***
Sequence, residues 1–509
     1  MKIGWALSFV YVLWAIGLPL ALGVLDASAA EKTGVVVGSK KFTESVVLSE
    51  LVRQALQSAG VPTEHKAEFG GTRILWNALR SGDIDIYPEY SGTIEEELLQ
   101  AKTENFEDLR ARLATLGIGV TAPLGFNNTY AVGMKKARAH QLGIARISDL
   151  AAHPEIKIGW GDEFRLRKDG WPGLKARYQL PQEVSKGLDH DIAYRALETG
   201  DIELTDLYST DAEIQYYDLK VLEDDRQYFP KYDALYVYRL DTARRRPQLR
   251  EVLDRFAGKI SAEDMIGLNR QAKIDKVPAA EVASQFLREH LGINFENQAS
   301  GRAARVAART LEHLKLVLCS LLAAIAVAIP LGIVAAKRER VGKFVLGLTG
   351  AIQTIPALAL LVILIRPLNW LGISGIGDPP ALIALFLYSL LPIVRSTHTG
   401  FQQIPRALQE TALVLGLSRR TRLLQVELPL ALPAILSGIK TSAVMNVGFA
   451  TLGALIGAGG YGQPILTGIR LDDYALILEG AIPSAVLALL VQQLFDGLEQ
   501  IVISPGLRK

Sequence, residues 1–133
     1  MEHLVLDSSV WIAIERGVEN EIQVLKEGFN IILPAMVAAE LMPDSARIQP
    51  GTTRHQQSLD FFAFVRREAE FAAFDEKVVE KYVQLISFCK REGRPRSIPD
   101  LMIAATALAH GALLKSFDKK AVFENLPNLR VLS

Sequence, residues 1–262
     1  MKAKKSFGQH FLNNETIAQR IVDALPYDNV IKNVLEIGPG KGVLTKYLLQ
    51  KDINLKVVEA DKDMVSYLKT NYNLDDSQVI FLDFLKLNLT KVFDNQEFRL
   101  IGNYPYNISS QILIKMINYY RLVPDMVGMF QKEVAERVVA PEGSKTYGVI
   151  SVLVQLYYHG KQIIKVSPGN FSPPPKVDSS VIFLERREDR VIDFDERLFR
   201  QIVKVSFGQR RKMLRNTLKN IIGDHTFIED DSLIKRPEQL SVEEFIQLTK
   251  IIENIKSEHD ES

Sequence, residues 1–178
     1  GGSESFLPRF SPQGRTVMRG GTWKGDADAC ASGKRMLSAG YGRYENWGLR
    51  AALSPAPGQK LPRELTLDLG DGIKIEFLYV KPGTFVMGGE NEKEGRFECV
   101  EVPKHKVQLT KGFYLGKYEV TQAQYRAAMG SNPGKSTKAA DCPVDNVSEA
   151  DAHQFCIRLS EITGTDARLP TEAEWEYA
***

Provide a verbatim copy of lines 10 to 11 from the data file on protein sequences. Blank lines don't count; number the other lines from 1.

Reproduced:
   401  FQQIPRALQE TALVLGLSRR TRLLQVELPL ALPAILSGIK TSAVMNVGFA
   451  TLGALIGAGG YGQPILTGIR LDDYALILEG AIPSAVLALL VQQLFDGLEQ